It was theorized that quark-gluon plasma - a state of matter where quarks and the strong force-carrying gluons have yet to condense into separate families of particles - would likely act like a gas. So, in the early 2000′s, physicists were surprised to find that quark-gluon plasma actually had a collective behavior. This discovery of tiny plasma blobs after proton-lead collisions supports the finding that primordial plasmas behave like liquids.
Interestingly, the researchers had no clue that proton-lead collisions would be powerful enough to create a quark-gluon plasma - such collisions, theoretically, shouldn't generate enough energy.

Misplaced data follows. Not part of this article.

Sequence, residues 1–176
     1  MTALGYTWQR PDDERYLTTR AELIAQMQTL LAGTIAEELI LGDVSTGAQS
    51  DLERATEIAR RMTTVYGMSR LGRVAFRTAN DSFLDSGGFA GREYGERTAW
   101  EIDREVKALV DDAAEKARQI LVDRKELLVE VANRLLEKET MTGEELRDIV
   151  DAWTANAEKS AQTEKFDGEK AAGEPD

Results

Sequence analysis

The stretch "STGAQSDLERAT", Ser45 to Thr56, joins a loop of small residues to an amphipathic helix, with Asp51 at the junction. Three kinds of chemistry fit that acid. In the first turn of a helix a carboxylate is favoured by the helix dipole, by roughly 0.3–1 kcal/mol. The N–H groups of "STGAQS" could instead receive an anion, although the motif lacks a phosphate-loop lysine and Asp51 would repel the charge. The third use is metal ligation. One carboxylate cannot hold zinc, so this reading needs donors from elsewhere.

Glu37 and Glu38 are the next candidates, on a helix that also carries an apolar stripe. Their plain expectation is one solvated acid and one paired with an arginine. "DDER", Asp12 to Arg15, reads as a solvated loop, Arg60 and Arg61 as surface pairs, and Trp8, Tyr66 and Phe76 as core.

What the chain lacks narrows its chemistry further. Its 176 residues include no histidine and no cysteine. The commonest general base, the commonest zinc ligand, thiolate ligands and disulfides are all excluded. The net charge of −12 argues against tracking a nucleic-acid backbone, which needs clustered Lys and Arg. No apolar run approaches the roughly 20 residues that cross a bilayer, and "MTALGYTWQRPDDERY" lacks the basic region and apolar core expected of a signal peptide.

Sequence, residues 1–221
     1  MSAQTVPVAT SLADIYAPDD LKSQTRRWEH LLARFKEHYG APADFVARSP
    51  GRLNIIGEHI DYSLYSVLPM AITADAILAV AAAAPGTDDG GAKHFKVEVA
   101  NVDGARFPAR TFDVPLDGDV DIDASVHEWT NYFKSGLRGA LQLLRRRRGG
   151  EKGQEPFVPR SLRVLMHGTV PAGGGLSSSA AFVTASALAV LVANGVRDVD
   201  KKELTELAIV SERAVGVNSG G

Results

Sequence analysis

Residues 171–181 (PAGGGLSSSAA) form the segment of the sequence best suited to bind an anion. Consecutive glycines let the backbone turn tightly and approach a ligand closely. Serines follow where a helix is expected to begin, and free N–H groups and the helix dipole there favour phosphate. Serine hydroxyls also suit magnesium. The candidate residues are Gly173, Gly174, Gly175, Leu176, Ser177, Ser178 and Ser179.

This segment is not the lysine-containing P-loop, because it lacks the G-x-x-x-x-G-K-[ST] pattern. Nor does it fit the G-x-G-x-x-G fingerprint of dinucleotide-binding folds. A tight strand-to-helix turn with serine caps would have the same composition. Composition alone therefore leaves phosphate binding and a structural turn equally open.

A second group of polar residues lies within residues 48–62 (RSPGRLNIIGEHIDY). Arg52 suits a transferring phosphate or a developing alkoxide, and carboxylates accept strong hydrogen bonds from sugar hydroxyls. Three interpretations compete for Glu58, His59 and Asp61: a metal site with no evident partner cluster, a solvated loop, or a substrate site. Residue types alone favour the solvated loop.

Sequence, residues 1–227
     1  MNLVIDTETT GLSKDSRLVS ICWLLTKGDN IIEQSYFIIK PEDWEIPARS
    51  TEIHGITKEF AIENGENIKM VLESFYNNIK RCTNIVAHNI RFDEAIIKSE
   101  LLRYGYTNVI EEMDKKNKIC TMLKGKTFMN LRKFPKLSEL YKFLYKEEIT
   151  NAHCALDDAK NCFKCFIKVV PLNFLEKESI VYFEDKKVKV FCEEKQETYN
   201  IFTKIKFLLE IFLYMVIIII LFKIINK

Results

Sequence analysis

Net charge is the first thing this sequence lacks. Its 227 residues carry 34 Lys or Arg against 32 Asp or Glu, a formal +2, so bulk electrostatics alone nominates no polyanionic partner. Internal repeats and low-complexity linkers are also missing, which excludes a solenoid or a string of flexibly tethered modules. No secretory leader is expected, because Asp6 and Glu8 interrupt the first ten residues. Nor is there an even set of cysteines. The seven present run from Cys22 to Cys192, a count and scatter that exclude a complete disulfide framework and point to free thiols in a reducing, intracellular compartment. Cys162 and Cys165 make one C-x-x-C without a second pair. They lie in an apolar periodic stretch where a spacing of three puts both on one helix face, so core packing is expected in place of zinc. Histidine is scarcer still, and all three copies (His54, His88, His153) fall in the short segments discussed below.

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"The proton-lead collisions are something like shooting a bullet through an apple while lead-lead collisions are more like smashing two apples together: A lot more energy is released in the latter," said Velkovska.
The data that Velkovska's team analyzed came from a calibration run in September 2012, but they found, by accident, that five percent of the more violent proton-lead collisions in that run exhibited this collective behavior. The only way to explain this behavior was that tiny droplets of quark-gluon plasma had formed around the "hole" made by the speeding protons (bullets) blasting through the more massive lead particles (apples). The quark-gluon liquid droplets formed by proton-lead collisions were 1/10th the size of those produced by lead-lead collisions, making them the smallest drops of quark-gluon debris to be measured from any particle collision event.